Dried food is around 11% of its original weight. Therefore, 100 pounds of food can be more easily carried when it is at around 11 pounds after being dried.
Imagine having a gear bag with 1000 pounds of food in it, but only weighing around 110 pounds. Just add water to reconstitute it.
That’s powerful with respect to food storage mobility. We must also consider which dried foods we are storing in regards to protein and nutrition.
We must stop thinking by merely accounting for the number of calories a particular food item offers. There are such food items that are called “empty calories” because they have very little nutritional value.
In the long run, this lack of nutrition will greatly affect your health and ability to survive. Make sure your dried food stores are rich in green leaf matter, protein, and amino acids.
These amino acids are the building blocks for cells. Dried foods like Moringa are high in nutrition. Dried foods like hemp are high in protein and amino acids, along with important fiber for intestinal health.
Seeds like Chia and Flax are high in omega–3 fatty acids and other nutrients. Amaranth is another great food source. The seeds can be saved as a food source and double in value when planted to grow more food, in the event of having to start a new life from scratch in the future.
Many spices and herbs have nutritional value and are beneficial for treating inflammation, infections, and more. Beans are a dry food source, but are heavier than green leaf matter, with respect to their volume and weight to nutrition ratio, and also in regards to their aiding in the body’s natural processes.
Green leaf matter and nutritious seeds are a better prep for many reasons over beans and rice, which are both much heavier and less nutritious.
Let’s address canned food and preserved food. We store canned Salmon and coconut milk for more protein and healthy fats.
Fat is necessary for the brain and body, but only healthy fats. Each can of coconut milk weighs 13.5 ounces. Ten of these cans is around 8.5 pounds.
If I processed that amount of weight into dry form, it would weigh less than one pound. Canned food adds up fast in weight very fast. It’s good for a stationary food source and to take some in bug-out for supplementary food to add to a diet, but not as the only food source.
The weight of canned/preserved food adds up and will weigh down your vehicle. One-hundred 13.5 ounce cans are almost 85-pounds, versus the highly nutritious green matter where 85-pounds of dry is 850-pounds of food when reconstituted.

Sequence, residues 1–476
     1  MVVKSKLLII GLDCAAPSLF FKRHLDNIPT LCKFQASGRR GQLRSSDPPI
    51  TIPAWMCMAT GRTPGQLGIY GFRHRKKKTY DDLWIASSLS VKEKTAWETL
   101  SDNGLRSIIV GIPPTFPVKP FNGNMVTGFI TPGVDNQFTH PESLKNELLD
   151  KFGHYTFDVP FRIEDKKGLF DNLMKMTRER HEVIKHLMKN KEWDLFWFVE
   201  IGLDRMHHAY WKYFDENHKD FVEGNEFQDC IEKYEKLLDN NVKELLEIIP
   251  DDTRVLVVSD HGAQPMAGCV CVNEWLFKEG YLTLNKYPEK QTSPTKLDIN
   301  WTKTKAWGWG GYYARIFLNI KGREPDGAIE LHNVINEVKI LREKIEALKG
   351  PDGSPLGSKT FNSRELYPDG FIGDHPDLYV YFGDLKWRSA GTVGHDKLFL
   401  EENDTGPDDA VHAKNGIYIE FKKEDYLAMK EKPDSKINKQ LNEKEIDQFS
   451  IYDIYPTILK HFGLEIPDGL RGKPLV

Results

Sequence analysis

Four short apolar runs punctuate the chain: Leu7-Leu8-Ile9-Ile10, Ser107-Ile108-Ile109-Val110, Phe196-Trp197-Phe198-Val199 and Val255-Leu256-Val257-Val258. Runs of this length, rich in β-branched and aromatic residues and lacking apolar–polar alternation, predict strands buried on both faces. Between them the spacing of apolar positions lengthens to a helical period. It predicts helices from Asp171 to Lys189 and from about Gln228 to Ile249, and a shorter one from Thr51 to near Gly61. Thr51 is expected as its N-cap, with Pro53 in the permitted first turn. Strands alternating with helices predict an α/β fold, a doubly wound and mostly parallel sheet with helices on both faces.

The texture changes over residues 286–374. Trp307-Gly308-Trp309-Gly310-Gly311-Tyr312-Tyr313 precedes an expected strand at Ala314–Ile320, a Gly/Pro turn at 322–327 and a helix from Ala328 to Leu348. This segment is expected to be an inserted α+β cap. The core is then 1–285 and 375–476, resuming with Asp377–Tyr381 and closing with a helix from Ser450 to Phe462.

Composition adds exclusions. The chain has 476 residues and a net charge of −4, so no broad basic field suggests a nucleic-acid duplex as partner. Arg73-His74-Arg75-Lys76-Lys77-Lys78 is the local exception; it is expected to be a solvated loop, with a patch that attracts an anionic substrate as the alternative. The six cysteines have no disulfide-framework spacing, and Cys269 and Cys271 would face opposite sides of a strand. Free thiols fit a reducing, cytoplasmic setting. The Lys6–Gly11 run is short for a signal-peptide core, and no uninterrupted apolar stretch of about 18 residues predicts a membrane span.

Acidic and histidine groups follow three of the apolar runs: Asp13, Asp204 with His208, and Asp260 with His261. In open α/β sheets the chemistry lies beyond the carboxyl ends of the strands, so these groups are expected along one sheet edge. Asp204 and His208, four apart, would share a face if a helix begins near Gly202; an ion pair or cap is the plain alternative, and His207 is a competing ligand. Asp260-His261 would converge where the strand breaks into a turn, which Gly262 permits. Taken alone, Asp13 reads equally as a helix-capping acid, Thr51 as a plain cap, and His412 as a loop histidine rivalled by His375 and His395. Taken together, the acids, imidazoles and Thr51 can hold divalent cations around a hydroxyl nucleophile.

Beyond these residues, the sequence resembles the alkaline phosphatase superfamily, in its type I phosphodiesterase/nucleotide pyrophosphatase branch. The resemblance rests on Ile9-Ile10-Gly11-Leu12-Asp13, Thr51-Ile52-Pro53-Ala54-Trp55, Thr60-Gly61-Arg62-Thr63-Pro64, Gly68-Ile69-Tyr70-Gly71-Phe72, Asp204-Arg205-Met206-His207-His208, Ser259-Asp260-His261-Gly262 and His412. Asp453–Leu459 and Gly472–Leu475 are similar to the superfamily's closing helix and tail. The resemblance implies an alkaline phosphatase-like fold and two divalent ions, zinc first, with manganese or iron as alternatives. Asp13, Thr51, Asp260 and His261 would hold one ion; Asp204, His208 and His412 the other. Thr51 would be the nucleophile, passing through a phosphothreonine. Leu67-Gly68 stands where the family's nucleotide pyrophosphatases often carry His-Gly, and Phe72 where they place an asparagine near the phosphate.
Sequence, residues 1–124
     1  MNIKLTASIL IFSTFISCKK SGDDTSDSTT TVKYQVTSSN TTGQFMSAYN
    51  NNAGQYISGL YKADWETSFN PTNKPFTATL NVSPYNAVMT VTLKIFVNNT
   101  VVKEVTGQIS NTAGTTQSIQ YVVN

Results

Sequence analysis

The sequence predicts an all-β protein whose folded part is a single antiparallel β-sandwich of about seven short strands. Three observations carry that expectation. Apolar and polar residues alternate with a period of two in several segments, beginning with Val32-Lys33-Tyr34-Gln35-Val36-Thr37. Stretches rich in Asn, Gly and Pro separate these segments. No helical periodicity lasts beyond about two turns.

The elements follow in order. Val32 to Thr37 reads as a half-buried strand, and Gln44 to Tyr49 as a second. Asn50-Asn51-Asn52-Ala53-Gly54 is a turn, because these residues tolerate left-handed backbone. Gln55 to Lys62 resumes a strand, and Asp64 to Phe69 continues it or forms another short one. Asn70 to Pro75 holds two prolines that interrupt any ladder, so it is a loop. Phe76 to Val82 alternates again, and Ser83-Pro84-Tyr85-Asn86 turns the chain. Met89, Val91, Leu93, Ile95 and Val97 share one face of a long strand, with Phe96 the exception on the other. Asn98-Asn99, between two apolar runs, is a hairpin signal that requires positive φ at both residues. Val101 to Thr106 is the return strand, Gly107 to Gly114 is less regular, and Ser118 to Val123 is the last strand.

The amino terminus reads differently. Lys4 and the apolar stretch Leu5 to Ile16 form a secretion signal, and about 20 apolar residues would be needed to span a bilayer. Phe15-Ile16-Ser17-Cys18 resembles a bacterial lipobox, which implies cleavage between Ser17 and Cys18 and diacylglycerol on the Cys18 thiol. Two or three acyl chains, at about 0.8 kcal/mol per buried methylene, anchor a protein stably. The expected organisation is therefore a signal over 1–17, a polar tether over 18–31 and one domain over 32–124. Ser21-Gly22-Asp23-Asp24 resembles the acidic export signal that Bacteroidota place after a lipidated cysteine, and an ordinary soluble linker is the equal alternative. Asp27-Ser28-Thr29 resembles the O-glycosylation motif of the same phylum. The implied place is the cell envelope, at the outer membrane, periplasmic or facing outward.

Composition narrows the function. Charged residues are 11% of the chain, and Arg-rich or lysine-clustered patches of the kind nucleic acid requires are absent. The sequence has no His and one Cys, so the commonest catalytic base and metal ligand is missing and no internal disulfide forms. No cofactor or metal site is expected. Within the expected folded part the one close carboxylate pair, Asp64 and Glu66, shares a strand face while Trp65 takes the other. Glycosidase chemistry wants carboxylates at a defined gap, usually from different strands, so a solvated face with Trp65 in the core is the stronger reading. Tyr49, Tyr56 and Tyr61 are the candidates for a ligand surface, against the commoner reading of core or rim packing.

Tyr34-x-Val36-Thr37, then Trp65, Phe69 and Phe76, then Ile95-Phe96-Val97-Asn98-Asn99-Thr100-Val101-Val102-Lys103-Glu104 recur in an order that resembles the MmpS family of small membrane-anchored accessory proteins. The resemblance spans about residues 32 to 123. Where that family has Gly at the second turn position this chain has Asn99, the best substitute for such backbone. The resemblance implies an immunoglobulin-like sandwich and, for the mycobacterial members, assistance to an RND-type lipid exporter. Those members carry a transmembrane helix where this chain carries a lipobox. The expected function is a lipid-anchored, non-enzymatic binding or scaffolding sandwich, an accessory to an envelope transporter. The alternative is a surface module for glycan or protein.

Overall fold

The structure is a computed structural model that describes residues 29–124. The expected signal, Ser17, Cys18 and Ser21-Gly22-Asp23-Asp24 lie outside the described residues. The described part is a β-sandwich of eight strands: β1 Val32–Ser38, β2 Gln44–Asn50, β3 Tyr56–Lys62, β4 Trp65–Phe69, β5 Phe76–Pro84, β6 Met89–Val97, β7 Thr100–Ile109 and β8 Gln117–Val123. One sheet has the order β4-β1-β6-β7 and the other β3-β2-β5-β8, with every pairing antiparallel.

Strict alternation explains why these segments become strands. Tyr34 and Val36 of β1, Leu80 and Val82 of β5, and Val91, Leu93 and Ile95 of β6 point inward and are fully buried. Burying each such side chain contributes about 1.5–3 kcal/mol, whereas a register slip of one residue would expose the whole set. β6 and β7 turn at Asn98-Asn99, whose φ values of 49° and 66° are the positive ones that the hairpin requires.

Just add water. You need water, so just add it to your dry food before you eat it, and get both food and water.
This is a very simple and rational way to prep for nutritional stability and mobility with the most amount of food in a bug-out situation. Loading weight has to be of consideration for any preppers that are assessing bug-out protocols. The average car can only carry four people and 300-500 pounds of cargo.
While dried meats can spoil over time even if kept sealed if temperatures are not kept within a specific range. The freeze-dried meats that are sold say that they are good for 25 years, but that is only if they are kept below 75 degrees. This can complicate things when you must go mobile for whatever reason requires you to do so.
Most highly nutritious dried green matter can lose flavor, but not value as a food source. Seeds have been found to be still viable after centuries in tombs that were uncovered by archaeologists.
Amaranth had disappeared from some regions of the world because it was forbidden to be grown for some crazy reasons. It has been making a comeback in recent years and is very highly nutritious.
If you want stable long-term food sources, go with dehydrated or freeze-dried green matter and seeds of good nutritional value and omega-3 fatty acids. As long as the hard shell is not broken, it will stay viable for a long period of time and can be used to grow more.
Dehydrated and freeze-dried foods take up less space. Beans and rice, or canned food, is bulky and therefore take up more space than dried tomatoes, peppers, green leaf matter, and smaller/dense seeds.
That means you can store and carry more nutrition, protein, and calories with dried food. We can fit over 1000 pounds of food in a large gear bag. Of course, it is dried and only weighs 110 pounds.
When we add water, it will expand as it reconstitutes. You should get the point by now. You can carry more water if you lower the weight of your food.
Dehydrated and freeze-dried food is lighter, smaller in volume, and if the appropriate foods are chosen, very highly nutritious and very tasty as well. Remember that dried food is around 11% of its original weight when the moisture is removed and the nutrients are locked into the cells of the item.
Eleven-pounds of dried food in your backpack is 110 pounds of food to keep you going a long time, especially if you ration it well. Just add water and enjoy.